Twin Dreams: 1955 MV Agusta 300B Bicilindrica Prototype

A fascinating prototype that never made it into production, the MV Agusta 300B seemed set to unlock the future.


| September/October 2017



1955 MV Agusta 300B Prototype

Photo by Phil Aynsley

1955 MV Agusta 300B Prototype
Engine:
294.8cc air-cooled high-cam parallel twin, 57mm x 57.8mm bore and stroke, 8:1 compression ratio, 20hp @ 8,000rpm
Carburetion:
Two 20mm Dell’Orto
Transmission:
4-speed, chain final drive
Electrics:
6v, coil and breaker points distributor ignition
Frame/wheelbase:
Pressed steel w/dual downtube steel cradle/52in (1,320mm)
Suspension:
Earles fork front, twin shocks rear
Brakes:
7.1in (180mm) SLS drum front and rear
Tires:
3 x 19in front, 3.5 x 19in rear
Weight (dry):
308lb (140kg)
Fuel capacity:
4.8gal (18ltr)

Engineers and designers are always pushing the envelope of reality, sometimes ending up with crazy ideas. Remember the various hub-center-steering prototypes of the 1980s? These days, we have self-balancing-motorcycle designs being promoted by BMW and Honda.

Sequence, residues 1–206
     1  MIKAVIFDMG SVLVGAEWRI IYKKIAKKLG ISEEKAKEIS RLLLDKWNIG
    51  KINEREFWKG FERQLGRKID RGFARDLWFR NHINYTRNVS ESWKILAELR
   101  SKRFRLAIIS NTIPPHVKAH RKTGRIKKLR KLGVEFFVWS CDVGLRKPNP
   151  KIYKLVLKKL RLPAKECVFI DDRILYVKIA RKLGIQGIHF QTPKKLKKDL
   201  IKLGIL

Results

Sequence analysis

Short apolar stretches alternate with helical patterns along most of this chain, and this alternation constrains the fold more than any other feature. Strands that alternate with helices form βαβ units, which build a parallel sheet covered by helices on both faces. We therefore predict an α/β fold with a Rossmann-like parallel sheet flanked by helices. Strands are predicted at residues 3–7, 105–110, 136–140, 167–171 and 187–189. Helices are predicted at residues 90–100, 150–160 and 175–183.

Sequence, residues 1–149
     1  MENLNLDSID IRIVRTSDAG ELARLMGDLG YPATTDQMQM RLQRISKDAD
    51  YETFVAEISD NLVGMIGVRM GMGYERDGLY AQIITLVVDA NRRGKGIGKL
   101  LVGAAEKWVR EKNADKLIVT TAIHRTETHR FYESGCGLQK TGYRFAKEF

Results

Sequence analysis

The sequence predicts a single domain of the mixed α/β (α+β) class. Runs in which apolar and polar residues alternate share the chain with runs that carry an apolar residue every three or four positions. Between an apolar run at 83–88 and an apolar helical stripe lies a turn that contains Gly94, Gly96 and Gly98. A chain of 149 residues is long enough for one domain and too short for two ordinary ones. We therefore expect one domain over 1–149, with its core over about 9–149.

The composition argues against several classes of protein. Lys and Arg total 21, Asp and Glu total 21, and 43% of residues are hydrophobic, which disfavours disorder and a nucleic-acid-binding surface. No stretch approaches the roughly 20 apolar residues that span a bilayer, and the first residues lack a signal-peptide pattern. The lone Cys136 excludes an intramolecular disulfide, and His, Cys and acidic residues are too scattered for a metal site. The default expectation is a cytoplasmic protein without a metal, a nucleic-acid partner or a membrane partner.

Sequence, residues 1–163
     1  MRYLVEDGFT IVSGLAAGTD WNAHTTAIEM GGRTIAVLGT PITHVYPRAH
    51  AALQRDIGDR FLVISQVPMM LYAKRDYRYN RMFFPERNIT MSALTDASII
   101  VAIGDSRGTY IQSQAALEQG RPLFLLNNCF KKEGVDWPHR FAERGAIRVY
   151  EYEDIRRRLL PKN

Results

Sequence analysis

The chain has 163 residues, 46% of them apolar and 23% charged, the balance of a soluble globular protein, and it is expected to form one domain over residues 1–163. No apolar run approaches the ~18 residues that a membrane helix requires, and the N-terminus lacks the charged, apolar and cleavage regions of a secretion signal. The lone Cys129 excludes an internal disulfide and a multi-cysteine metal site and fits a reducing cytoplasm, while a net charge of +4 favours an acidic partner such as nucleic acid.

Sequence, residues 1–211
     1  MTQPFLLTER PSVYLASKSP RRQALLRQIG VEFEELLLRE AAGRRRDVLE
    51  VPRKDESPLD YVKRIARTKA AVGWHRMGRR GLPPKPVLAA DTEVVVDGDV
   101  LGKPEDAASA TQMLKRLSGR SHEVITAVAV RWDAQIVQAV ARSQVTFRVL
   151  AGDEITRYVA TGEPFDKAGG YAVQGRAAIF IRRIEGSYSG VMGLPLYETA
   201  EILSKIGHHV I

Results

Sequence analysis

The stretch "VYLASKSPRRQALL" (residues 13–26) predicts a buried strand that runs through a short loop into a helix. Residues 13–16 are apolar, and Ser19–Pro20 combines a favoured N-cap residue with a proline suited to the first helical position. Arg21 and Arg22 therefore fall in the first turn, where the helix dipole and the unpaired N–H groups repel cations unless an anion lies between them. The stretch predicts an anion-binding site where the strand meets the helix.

The motorcycling world hasn’t gone mad. It’s always been like this, and our two-wheeled history is littered with prototypes, some successful, some not. It’s a pattern you can date right back to the steam-powered cycle designs of the 1860s.

One fascinating prototype that never made it into production is MV Agusta’s 300B of 1955, a motorcycle that seemed set to unlock the future, with advanced features such as electric-only starting and high camshafts with very short pushrods.

Today, we take electric-start-only for granted and the high-cam, short-pushrod design long ago reappeared in BMW’s all-new “oilhead” boxer twin engine of 1993.

But things were very different back in the early 1950s. The world was finally shaking off the devastation of World War II and motorcycles were getting bigger in capacity and more sophisticated. From Harley-Davidson’s new road-burning overhead-valve Sportster to Moto Guzzi’s fiendishly complicated V8 500cc Grand Prix racer, the motorcycle world was jumping with big, new ideas.





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